In Spain, 31,600 of the approximately 36,800 people with intellectual disabilities with employment work in the service sector, compared to about 5,200 in agriculture, industry and construction, according to the INE. "The normal thing is that they are incorporated into employment in three ways: in special employment centers, where 70% of the workforce has a disability; integrated in an ordinary company but with the help of a labor integration service, and through oppositions ", explains Enrique Galván, director of Plena Inclusión, an associative movement that brings together 900 entities.
In Spain, Companies with more than 50 workers are obliged to employ 2% of persons with disabilities or contract with a special center alternative measures. In the competitive examinations, at least 7% of the vacancies must be reserved for this group. "We have advanced, but slow," says Galván, who calls for an improvement in aid. "In special centers, 100% of the social security contributions and 50% of the minimum wage are bonded, but we ask that it be extended to 65%."
The experts consulted explain that the special centers are conceived as a first step, a transition for access to ordinary employment. But it does not always happen. "It is important that the centers be open, there must be interaction with the community, they can not be ghettos," says Bernabé Blanco, president of the Business Association for Disability (AEDIS). "We ask for a law of labor inclusion", claims Pepa Torres, of the Spanish Committee of Representatives of People with Disabilities (Cermi), "To advance in equality of opportunities".
Opportunity. It is the word used by Bryan, Rachel and Jesus. The appointment with them is at eleven thirty in the morning in a school in the Madrid district of Barajas. There they are, in front of the vertical garden they have gone to attend. In his team are 14 people with intellectual disabilities. They are accompanied by a work and a gardening and community participation manager. Both guide them each morning and advise them, but it is they who develop and organize the daily work, which usually includes interaction with neighbors, for example through workshops or activities, such as teaching children to plant trees.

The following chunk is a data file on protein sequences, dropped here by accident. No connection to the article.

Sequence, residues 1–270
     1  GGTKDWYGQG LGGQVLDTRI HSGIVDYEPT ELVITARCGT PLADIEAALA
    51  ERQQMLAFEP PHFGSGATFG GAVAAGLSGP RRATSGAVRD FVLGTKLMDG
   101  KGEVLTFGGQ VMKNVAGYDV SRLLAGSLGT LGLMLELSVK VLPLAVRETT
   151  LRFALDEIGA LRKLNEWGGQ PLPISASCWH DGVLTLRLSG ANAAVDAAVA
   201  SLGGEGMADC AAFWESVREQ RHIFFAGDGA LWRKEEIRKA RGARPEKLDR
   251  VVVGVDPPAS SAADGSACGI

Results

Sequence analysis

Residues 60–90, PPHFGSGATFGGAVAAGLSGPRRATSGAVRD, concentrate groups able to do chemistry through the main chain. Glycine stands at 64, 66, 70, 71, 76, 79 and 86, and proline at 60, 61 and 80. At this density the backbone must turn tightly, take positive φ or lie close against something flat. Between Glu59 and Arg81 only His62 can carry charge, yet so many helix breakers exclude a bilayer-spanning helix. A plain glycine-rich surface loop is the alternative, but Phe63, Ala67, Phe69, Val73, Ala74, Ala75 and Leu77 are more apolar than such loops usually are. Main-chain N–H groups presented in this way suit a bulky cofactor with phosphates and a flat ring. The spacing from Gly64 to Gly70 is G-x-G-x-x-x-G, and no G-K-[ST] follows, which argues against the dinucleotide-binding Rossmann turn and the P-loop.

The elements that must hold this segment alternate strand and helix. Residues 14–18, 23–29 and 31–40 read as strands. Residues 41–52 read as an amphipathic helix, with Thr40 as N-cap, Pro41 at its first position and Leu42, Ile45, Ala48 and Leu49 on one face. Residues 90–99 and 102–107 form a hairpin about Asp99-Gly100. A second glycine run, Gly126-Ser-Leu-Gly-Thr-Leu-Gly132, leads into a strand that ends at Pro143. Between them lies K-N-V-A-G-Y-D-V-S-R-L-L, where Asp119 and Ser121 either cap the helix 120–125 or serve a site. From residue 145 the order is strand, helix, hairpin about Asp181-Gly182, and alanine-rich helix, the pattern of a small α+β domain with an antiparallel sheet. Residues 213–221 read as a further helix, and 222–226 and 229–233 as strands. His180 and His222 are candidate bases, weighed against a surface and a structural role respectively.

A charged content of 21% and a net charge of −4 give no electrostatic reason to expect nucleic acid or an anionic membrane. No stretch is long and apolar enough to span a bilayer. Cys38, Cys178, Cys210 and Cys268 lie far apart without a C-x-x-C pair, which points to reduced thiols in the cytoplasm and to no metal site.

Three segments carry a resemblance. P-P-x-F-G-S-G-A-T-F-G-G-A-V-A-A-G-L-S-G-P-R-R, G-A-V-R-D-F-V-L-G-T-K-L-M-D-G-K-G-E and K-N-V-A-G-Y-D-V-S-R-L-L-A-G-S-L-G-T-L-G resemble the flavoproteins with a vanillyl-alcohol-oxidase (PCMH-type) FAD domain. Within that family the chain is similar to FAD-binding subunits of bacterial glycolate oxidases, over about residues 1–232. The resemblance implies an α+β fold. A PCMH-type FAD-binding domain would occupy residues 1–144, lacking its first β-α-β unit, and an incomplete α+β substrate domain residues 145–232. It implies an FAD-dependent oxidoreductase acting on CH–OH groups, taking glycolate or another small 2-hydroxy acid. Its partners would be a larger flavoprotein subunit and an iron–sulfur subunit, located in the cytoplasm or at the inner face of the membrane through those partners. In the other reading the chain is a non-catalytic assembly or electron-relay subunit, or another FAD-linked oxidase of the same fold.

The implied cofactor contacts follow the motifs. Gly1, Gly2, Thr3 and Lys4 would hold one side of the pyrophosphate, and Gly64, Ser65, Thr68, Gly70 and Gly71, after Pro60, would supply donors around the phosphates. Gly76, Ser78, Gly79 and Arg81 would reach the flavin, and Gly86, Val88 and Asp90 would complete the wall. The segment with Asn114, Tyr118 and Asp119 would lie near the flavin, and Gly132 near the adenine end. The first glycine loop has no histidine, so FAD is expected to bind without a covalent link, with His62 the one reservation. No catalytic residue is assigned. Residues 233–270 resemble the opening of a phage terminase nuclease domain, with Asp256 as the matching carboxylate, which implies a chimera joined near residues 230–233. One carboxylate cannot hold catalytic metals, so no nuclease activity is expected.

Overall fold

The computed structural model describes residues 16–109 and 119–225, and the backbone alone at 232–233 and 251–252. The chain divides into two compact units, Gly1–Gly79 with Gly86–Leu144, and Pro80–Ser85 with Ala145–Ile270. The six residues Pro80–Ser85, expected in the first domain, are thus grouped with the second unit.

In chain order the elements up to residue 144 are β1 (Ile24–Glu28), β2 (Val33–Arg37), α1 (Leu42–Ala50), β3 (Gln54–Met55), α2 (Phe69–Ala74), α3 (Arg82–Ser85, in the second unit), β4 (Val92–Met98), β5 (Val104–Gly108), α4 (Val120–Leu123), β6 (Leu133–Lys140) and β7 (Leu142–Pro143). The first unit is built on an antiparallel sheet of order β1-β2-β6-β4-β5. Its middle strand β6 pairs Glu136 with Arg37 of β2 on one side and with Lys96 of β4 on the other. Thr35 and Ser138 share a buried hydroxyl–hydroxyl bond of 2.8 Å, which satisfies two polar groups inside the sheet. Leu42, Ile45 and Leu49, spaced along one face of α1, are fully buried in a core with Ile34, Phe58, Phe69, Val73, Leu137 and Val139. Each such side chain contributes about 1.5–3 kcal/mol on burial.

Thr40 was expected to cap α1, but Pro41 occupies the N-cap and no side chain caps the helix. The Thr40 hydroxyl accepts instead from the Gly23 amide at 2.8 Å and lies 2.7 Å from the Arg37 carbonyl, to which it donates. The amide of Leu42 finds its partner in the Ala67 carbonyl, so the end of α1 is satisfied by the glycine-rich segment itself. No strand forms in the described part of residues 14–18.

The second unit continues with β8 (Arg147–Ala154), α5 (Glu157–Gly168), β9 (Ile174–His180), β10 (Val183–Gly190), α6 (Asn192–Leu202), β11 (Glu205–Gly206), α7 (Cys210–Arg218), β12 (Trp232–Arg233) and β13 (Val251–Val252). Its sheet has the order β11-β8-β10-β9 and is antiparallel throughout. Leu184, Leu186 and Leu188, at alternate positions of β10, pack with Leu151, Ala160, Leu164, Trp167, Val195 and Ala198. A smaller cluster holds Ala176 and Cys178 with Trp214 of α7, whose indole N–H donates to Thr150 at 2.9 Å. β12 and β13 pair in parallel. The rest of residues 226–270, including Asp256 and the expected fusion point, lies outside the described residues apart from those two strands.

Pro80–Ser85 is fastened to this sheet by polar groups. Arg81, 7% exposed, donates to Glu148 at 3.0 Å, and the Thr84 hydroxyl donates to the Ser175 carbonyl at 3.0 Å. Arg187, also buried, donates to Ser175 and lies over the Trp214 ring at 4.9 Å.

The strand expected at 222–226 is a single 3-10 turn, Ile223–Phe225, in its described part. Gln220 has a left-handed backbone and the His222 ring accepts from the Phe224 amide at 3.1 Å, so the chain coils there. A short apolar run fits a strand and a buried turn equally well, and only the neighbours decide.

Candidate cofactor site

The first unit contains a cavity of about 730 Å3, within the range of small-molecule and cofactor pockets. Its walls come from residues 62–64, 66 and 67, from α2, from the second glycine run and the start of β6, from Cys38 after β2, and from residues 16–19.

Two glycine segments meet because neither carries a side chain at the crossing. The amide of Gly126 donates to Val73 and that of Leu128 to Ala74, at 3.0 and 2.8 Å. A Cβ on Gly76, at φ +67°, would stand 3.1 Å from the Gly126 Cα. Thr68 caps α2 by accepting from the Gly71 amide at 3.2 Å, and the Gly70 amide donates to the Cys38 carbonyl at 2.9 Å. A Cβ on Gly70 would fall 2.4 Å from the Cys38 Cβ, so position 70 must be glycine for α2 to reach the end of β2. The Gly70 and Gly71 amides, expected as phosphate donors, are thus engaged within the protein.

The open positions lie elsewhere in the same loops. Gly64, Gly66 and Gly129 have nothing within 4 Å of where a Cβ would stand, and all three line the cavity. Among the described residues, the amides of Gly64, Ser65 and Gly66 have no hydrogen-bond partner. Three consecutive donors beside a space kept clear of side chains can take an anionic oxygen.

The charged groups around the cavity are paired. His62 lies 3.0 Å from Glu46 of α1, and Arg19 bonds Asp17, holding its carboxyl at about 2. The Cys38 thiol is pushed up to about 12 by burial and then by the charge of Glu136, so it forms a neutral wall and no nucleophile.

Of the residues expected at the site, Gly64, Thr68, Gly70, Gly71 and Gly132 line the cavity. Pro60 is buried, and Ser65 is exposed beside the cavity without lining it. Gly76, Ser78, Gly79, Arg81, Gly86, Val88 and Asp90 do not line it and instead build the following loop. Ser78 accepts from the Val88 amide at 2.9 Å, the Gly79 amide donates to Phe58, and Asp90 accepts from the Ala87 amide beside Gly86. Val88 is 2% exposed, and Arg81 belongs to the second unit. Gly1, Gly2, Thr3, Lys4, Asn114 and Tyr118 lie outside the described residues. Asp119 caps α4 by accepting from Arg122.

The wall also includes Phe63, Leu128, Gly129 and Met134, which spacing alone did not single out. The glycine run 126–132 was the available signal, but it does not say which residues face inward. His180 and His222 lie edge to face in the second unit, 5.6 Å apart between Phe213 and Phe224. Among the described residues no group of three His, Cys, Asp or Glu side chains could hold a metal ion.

"It changed my life overnight. Now I have my money and I can pay for my things, "says Bryan. He arrived in Spain from Peru at 17. Now he's from Atlético de Madrid. With his first salary he bought a team pole, in which he plays in the Genuine Santander league, where people with intellectual disabilities compete. "Having work gives independence, joy and something to hold onto when parents are missing," says Raquel. "I would ask that we all be equal." That no one's talent be wasted.
In May 2018, the UN Committee on the Rights of Persons with Disabilities issued a harsh report on the Spanish educational system. The New York Convention of December 13, 2006, which Spain signed in 2007, requires the inclusion of children with disabilities in ordinary schools. The Government is considering introducing the transfer of 35,000 students with disabilities to ordinary classrooms and including this transfer in the new Education Law.
"The school must be a reflection of society," says Catalina Devandas, special rapporteur on the rights of persons with disabilities at the UN. In his four years in office, he has not yet visited Spain, so he avoids making a concrete assessment.
But he is aware of the advances in recent months, such as the approval in Congress of a reform that will allow 100,000 people with intellectual disabilities, mental illness or cognitive impairment to vote; of the Government's preliminary draft to eliminate the terms "diminished" and "handicapped" of article 49 of the Constitution, or the draft law that drives the Executive to suppress the judicial incapacitation of people with intellectual disabilities.
It is expected that next March the UN will examine for the second time Spain – the first time was in 2011 – for its application of the International Convention on the Rights of Persons with Disabilities.